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    ABSTRACT: The objectives of the simulation study were to evaluate the impact of BQL data on pharmacokinetic (PK) parameter estimates when the incidence of BQL data is low (e.g. ≤10%), and to compare the performance of commonly used modeling methods for handling BQL data such as data exclusion (M1) and likelihood-based method (M3). Simulations were performed by adapting the method of a recent publication by Ahn et al. (J Phamacokinet Pharmacodyn 35(4):401-421, 2008). The BQL data in the terminal elimination phase were created at frequencies of 1, 2.5, 5, 7.5, and 10% based on a one- and a two-compartment model. The impact of BQL data on model parameter estimates was evaluated based on bias and imprecision. The simulations demonstrated that for the one-compartment model, the impact of ignoring the low percentages of BQL data (≤10%) in the elimination phase was minimal. For the two-compartment model, when the BQL incidence was less than 5%, omission of the BQL data generally did not inflate the bias in the fixed-effect parameters, whereas more pronounced bias in the estimates of inter-individual variability (IIV) was observed. The BQL data in the elimination phase had the greatest impact on the volume of distribution estimate of the peripheral compartment of the two-compartment model. The M3 method generally provided better parameter estimates for both PK models than the M1 method. However, the advantages of the M3 over the M1 method varied depending on different BQL censoring levels, PK models and parameters. As the BQL percentages decreased, the relative gain of the M3 method based on more complex likelihood approaches diminished when compared to the M1 method. Therefore, it is important to balance the trade-off between model complexity and relative gain in model improvement when the incidence of BQL data is low. Understanding the model structure and the distribution of BQL data (percentage and location of BQL data) allows selection of an appropriate and effective modeling approach for handling low percentages of BQL data.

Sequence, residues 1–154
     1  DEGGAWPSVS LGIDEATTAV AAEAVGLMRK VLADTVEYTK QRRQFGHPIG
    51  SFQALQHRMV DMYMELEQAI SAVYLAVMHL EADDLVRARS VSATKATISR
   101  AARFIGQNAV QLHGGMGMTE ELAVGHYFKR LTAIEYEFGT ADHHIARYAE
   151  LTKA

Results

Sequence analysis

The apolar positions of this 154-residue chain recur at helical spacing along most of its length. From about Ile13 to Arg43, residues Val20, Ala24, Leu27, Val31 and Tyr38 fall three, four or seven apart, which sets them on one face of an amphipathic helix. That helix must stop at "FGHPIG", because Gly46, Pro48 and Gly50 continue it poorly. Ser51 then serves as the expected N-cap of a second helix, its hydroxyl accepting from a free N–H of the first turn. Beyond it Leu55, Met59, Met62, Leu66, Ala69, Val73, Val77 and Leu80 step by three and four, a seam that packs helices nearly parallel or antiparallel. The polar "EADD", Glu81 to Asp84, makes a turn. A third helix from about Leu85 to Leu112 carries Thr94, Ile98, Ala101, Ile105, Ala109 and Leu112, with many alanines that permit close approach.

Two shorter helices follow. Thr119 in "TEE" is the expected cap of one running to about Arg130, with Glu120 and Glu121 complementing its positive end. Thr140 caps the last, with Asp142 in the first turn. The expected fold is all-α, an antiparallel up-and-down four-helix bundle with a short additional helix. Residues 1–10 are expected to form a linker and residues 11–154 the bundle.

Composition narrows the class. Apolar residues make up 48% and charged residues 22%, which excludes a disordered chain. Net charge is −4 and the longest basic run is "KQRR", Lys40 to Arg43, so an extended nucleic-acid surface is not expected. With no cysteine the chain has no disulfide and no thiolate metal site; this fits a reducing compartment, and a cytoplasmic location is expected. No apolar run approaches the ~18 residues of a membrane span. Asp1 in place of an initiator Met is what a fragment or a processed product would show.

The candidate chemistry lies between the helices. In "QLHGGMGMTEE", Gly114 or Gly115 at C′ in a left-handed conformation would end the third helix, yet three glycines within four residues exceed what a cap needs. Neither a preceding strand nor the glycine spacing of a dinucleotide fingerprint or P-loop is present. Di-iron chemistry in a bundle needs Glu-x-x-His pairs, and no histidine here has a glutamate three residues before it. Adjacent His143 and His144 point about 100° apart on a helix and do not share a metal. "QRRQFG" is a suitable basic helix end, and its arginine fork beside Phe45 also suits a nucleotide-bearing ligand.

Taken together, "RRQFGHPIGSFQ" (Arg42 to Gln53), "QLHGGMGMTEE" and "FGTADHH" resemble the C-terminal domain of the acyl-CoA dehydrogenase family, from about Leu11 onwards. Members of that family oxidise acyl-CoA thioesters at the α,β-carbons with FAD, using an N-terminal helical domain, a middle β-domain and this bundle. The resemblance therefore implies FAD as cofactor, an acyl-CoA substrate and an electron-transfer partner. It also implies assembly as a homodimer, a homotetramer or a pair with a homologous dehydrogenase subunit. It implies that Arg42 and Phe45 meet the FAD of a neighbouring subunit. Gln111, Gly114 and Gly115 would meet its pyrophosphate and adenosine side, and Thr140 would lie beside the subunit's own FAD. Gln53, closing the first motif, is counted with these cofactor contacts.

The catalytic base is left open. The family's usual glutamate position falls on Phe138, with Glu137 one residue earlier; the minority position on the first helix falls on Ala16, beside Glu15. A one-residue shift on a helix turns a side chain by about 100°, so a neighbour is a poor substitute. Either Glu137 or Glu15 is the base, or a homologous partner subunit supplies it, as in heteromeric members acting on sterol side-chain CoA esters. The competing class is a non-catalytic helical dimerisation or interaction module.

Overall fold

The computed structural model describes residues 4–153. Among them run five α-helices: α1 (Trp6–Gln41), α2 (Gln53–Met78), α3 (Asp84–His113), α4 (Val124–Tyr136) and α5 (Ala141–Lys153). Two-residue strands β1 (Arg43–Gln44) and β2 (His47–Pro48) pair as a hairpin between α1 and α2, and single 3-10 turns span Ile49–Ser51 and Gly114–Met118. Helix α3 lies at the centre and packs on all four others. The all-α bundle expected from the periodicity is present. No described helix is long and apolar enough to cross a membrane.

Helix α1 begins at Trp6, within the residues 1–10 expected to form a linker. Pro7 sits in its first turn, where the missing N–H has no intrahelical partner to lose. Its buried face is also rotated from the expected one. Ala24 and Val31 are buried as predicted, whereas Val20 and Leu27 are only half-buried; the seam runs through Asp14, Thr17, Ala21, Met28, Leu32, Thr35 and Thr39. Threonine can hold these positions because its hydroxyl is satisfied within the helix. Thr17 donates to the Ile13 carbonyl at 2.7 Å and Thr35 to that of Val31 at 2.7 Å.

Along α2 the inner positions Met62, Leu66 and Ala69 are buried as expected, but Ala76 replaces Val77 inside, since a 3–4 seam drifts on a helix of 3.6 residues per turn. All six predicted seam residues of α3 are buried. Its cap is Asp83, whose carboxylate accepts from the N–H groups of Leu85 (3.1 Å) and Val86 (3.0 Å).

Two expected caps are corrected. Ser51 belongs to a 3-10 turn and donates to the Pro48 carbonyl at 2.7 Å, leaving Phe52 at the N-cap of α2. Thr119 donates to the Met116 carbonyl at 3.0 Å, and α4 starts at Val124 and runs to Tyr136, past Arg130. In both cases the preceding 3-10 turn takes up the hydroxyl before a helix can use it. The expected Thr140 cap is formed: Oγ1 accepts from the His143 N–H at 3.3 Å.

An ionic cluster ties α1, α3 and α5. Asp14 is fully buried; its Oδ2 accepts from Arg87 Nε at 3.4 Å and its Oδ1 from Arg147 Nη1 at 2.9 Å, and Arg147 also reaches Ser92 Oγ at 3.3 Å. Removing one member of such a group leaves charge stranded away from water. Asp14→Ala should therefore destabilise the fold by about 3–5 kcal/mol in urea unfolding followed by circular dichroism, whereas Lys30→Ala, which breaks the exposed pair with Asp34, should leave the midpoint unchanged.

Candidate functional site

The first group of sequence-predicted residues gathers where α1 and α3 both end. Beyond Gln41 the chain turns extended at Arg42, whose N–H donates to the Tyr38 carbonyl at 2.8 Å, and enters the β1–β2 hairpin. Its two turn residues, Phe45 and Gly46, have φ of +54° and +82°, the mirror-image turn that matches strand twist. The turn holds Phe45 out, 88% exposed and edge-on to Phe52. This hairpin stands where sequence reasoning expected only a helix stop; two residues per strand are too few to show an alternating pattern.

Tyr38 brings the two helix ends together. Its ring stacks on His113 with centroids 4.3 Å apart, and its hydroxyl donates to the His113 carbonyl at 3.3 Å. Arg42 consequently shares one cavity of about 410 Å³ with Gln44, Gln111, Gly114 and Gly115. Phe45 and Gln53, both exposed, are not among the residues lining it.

No preview · Article · May 2011 · Journal of Pharmacokinetics and Biopharmaceutics